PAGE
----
The Coru Cathubodua Priesthood, the Morrigan dedicant group I work with, has its own website now! You can find us at www.corupriesthood.com. The website is just going live today, so you may still see the occasional error if you’re following the link soon after I post this. We will be continuing to add more content as time goes on, including more prayers, invocations, spiritual exercises and rituals, devotional artwork, and essays. You can also check out our Events page, which includes initial details for our events coming up this spring, including monthly devotionals and workshops, as well as our June weekend intensive, Kindling the Hero’s Light, with special guest teacher Brendan Myers, Ph.D.

5. PantheaCon 2013

Finally, a last reminder – for those of you coming to PantheaCon this weekend in San Jose, here’s the schedule of my doings with Coru folk and others. Don’t forget to sign up to donate blood if you can at our Blood Heroes blood drive! Details on this and all our happenings here:

The Four Treasures in Myth and Practice
A workshop with Morpheus Ravenna and Ankhira SwordPlow
Friday 3:30 pm – Coru Hospitality Room 261

Meeting the Morrigan
A workshop with Morpheus Ravenna, Amelia Hogan & Brennos
Saturday 10 am – Coru Hospitality Room 261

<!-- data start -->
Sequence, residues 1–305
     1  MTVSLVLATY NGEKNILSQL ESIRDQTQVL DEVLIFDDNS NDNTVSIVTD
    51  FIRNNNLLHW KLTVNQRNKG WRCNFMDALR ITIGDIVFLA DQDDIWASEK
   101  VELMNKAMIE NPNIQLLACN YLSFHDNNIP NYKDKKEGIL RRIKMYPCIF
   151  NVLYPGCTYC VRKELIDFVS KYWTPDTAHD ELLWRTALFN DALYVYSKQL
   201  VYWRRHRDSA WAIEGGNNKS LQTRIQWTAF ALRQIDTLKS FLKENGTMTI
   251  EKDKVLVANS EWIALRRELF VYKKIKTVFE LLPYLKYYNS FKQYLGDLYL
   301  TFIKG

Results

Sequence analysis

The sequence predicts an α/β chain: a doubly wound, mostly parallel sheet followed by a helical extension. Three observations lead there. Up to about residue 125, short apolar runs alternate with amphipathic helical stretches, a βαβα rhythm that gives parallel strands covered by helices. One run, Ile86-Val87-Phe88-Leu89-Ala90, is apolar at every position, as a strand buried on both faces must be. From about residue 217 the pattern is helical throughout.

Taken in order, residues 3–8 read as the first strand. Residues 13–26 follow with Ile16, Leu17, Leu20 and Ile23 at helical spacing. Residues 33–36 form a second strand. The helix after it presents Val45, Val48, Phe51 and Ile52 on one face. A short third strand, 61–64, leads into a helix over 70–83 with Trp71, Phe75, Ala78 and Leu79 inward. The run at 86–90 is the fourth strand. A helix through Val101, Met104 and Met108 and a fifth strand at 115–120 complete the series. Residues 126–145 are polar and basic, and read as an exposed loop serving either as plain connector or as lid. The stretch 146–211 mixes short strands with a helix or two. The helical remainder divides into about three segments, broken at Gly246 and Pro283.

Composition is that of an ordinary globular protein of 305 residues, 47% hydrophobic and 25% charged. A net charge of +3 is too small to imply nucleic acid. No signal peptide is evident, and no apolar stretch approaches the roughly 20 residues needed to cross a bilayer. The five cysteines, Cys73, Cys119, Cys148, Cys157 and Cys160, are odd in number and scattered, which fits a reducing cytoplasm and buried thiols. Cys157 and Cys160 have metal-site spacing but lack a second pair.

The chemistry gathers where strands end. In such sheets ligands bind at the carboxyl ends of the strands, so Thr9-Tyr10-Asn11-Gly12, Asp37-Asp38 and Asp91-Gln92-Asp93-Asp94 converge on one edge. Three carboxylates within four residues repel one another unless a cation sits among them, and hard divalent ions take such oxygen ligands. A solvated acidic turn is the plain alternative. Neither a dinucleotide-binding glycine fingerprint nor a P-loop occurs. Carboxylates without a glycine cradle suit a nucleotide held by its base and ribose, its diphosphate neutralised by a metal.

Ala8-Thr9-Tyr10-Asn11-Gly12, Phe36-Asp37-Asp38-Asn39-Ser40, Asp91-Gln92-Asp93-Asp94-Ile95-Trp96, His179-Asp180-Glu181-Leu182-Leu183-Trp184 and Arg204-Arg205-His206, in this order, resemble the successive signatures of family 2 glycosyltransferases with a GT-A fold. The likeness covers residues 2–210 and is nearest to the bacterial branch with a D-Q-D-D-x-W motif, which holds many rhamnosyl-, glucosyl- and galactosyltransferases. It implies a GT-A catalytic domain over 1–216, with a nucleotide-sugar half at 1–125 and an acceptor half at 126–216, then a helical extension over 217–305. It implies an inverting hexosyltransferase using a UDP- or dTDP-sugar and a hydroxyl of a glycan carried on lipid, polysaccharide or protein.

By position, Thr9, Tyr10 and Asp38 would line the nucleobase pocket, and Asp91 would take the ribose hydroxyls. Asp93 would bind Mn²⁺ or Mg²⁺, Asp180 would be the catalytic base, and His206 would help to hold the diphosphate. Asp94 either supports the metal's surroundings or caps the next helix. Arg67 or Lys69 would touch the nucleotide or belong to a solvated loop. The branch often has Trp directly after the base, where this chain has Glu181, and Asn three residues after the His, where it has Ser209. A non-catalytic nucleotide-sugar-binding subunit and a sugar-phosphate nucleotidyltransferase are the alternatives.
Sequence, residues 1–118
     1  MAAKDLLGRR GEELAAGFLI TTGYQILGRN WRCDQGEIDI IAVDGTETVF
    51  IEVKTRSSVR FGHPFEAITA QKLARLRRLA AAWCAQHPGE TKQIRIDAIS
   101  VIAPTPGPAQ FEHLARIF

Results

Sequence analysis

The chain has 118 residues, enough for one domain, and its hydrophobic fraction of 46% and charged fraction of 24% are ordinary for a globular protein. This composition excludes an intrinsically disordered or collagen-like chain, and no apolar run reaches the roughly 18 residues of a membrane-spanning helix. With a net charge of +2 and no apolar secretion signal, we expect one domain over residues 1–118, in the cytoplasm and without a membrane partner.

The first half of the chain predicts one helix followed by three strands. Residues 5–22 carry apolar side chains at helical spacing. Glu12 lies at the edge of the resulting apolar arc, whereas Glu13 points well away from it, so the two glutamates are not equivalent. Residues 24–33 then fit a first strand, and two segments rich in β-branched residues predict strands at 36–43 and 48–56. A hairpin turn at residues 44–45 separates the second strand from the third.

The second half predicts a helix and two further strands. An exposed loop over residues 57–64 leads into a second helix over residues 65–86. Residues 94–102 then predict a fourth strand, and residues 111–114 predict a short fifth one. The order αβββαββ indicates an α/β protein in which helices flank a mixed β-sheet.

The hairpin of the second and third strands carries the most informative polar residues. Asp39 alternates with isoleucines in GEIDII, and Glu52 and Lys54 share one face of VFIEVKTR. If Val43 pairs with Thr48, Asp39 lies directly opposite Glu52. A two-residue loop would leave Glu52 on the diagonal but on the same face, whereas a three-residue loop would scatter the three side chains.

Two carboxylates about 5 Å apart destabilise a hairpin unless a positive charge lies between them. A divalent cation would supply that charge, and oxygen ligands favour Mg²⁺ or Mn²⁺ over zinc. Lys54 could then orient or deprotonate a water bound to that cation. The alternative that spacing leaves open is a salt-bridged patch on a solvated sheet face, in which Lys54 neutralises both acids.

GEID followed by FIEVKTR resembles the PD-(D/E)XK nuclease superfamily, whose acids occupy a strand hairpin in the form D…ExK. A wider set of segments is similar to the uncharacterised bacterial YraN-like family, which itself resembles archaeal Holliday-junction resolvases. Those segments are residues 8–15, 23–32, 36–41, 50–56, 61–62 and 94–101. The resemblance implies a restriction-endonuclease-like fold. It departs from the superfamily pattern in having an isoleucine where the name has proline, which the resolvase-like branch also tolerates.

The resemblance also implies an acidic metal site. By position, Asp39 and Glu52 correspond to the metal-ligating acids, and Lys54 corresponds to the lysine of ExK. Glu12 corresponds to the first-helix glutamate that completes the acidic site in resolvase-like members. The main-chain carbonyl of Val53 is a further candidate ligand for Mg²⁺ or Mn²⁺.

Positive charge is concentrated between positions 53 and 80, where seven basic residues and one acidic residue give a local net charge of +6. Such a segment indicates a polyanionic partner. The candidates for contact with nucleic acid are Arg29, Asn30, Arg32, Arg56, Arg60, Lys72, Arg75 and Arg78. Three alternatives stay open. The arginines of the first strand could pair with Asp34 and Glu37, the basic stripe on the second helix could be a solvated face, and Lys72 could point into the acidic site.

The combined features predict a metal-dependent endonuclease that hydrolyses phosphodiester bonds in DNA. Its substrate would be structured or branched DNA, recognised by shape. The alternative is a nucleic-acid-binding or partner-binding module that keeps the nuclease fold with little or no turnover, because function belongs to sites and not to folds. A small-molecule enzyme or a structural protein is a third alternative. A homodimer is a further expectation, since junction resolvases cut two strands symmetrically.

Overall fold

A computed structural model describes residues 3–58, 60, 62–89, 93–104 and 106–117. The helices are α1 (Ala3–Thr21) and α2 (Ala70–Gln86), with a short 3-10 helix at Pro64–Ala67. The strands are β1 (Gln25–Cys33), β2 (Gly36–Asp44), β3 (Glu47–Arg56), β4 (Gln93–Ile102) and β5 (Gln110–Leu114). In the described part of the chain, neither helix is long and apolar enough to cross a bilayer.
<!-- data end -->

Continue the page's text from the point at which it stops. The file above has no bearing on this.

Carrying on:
The Heart is our Nation: A Morrigan Devotional
Coru Cathubodua Priesthood with T. Thorn Coyle & Sharon Knight
Saturday 7 pm – Cedar/Pine rooms

Battle Maiden: Morrigan Devotional Dance
Performance by Morpheus Ravenna as part of the “Many Faces of the Goddess” dance presentation led by Didi Gordon and Sarah Astarte
Saturday 11 pm – San Martin/ San Simeon rooms

Mimosa Mixer/Coru Meet & Greet
Coru Cathubodua Priesthood
Sunday 10 am – 12 noon – Coru Hospitality Room 261

Warriorship Traditions: A Moderated Panel Discussion
with Brennos, Robert Russell, Peter Dybing, Stefanie Clark, and Scott Rowe
Sunday 3:30 pm – Coru Hospitality Room 261

Brigid’s Forge: A Healing Ritual
with Rynn Fox
Monday 11:00 am – Cedar room

That’s all for now – I’m off to finish packing for my journey through the Pagan looking-glass!

What Use Violent Gods?

In the comments to my last post, on the historical basis for the Morrigan’s cult, I was asked this question by a reader:

Given all this history, I have to ask — why is this deity willing to cooperate with you on nonviolent goals?

It’s a good question, and one which I often hear in one form or another, so I feel the subject really deserves its own post. Do war Gods, and does the Morrigan, relish slaughter? And, the part of the question that usually goes unspoken: If we worship war Gods like the Morrigan, won’t this engender more violence rather than assisting us to solve our problems more peacefully?